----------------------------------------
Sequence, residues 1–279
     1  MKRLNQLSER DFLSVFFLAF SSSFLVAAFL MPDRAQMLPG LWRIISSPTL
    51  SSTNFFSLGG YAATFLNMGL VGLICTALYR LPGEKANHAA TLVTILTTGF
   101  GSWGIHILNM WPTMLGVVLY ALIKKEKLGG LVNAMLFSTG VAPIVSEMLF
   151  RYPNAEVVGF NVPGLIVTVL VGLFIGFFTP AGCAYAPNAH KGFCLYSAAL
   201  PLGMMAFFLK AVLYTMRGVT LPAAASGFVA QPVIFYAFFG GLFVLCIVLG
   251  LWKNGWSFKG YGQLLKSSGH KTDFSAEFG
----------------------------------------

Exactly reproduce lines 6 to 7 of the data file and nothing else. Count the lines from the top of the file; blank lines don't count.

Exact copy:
   201  PLGMMAFFLK AVLYTMRGVT LPAAASGFVA QPVIFYAFFG GLFVLCIVLG
   251  LWKNGWSFKG YGQLLKSSGH KTDFSAEFG